Once it hit Facebook, Holly applied some pressure, and I got the event invite to Laura Jenkins's party, which was on that very night. Holly had told me about the party a couple of weeks ago. She understands that I prefer to know when I'm being socially outcast. I pressed Attend (what the hell—I didn't have anything else on) and shut my laptop as Mum walked in to check that I was packed, which I more or less was.
"Sibbie, what is this?" She was looking at my supersize, multi-gadget, bloodred Swiss Army knife. "You're taking a weapon?" She frowned, no doubt running a mental checklist of some of the miscreants in my grade.
"It's optional. But, yeah, I'm going totally gangsta."
"I feel like I'm sending you back to the Stone Age."
"You might as well be." I gave my cell phone a hammy kiss. "Farewell, my heart, my life."
"No texting for nine weeks! Your thumbs might drop off."
"They'll get axing exercise."
"Known as 'chopping' in some circles, I believe."
"Promise you'll write lots of letters?"
"It's compulsory. But I would anyway. And everyone says the Letter Home is all that stops you going crazy on the solo overnight hike."
She cast a doubtful eye over my bags and the surrounding mess. "You don't want some help?"
"I'm supposed to be self-sufficient for the whole term or your money back, so I think I'll be okay."
"Have you packed undies?"
She laughed as she went out the door. "Just saying."
There have been certain trips on which I've forgotten certain essential items. But no big deal, right? You can always supplement when you get there. Anyway, this time there was a list.
Leonie came over to me—he always gets anxious when there's luggage out—it usually means the nice man from the doggy kennel is about to pick him up. I gave him a reassuring back scratch, feeling a bit guilty to be offering last-minute affection. I take him for granted these days, i.e., ignore him heaps.
He wagged his stumpy tail agreeably. Dogs are lovely—they don't even know the meaning of grudge. Twelve years ago, Leonie was the most beautiful name I could imagine. A mixture of my friend Leah and pony. Mum asked if I knew it was usually a girl's name and our puppy was a boy. I pretended I knew, to maintain my four-year-old dignity. I was pretty sure Leonie wouldn't care either way. In the spirit of male solidarity, my dad has always called him Leo.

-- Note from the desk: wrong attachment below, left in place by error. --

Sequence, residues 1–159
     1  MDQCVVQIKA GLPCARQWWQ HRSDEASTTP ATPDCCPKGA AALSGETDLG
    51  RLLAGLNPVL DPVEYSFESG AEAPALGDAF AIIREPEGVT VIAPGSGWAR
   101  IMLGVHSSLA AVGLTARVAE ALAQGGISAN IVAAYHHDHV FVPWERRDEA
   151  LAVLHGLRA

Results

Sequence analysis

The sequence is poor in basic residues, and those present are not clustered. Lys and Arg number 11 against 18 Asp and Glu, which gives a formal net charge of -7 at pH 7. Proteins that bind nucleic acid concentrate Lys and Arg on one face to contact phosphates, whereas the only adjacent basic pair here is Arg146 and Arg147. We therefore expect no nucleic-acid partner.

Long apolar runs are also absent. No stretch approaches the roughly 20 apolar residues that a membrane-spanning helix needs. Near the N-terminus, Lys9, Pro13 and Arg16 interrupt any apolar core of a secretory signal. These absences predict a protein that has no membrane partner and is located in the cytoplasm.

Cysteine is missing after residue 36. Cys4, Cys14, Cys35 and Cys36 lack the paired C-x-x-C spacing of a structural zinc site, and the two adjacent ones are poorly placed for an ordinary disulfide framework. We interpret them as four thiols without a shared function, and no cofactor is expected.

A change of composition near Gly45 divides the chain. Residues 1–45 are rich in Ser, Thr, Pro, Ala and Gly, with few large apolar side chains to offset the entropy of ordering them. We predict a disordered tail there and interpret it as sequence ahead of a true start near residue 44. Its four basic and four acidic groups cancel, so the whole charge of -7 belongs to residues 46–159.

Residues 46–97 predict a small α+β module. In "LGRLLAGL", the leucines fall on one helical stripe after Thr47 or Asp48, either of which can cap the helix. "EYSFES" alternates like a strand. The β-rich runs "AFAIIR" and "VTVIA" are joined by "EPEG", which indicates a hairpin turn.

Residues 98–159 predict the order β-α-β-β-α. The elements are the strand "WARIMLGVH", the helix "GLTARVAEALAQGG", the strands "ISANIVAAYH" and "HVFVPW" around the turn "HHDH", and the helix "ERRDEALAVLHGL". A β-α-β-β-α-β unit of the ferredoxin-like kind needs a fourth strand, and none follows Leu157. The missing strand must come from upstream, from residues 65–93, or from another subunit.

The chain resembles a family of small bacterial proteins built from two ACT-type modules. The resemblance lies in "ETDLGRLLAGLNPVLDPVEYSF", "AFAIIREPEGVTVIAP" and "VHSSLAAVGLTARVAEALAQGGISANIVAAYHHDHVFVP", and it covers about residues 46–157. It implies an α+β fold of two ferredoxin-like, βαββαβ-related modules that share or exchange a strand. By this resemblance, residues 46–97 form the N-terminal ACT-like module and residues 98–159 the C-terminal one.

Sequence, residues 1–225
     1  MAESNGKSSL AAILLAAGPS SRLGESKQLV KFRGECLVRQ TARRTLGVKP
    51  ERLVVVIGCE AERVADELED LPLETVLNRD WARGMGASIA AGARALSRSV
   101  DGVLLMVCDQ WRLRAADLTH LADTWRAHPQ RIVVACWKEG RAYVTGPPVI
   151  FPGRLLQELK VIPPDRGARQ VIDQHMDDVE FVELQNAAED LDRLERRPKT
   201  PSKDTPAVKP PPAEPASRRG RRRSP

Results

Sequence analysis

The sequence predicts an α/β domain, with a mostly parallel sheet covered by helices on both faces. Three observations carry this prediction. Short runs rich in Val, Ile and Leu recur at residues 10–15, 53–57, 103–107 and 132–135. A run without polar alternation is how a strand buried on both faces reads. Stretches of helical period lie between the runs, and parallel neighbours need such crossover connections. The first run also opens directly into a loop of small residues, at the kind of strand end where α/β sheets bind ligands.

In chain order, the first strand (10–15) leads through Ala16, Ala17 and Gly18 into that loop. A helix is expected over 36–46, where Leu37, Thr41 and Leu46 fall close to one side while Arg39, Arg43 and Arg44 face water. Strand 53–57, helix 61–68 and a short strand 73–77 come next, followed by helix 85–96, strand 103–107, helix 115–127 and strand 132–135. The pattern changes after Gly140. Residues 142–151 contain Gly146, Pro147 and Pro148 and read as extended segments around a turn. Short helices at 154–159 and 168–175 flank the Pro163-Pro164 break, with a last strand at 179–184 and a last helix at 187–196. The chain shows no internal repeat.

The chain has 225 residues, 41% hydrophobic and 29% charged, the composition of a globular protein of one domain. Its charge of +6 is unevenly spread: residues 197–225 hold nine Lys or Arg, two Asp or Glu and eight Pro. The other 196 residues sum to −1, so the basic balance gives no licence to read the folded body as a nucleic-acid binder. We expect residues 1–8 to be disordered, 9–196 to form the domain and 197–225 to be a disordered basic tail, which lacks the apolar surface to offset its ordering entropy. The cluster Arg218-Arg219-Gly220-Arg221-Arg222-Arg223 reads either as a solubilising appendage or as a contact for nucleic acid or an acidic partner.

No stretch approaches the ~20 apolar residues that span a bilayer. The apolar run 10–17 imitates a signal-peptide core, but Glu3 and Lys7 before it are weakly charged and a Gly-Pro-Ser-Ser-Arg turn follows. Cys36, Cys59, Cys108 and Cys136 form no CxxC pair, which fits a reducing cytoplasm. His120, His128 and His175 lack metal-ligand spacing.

Before burying my phone in a pair of thick socks to pack it—conveniently not thinking about the contract signed in good faith pledging not to bring phones to camp—I texted Michael: Skype?
Michael, my oldest friend, my strangest friend. He prefers Skype to phone because he says the role of voice in conversation accounts for fifty percent or less of communicating. He also counts Skype as a social outing, which means he's off the hook for organizing an actual social outing. He was there by the time I got to my desk.
"Are you jet-lagged?" I asked.
"How was Rome?"
"What did you watch on the plane?" I give Michael pop-culture viewing suggestions for long flights.
"Friday Night Lights. You were right."
"So, the billboard went up."
"I saw it."
"Large, isn't it?"
"Extra extra large. Livin' large."
"Livin' large. At least it'll be down by the time we get back."
"They've captured an authentic Sibylla look, though."
"It's the unfocused gaze, because I'm wishing to be somewhere else."
"Which obviously translates nicely into…" He was casting about for the desired message of the ad.
"I smell good, I guess."
"You nailed it. Will you do any more of this 'work'?"
"I was only allowed to do this because it was Beeb. You can imagine the lecture—my mother is still fifty percent horrified. And speaking of horror—I've said I'll go to Laura's party tonight."
"Celebrity life begins. Don't you want to go?"
"Because it will be good/bad?"
"What are you reading?"
He smiled apologetically and held up Walden by Henry David Thoreau. Of course he's reading Thoreau as we head into the wilderness: he's Michael.
"Michael, you rock."
His eyes shine. "Sibylla, you—tall tree."
"I can't ask you what I should wear, so I guess I'm just here sharing some nervousness."
"I hope it turns out to be more good/bad than bad/good. Here, have some Thoreau." He found a page in the book and read to me, "'I went to the woods because I wished to live deliberately, to front only the essential facts of life, and see if I could not learn what it had to teach, and not, when I came to die, discover that I had not lived.'"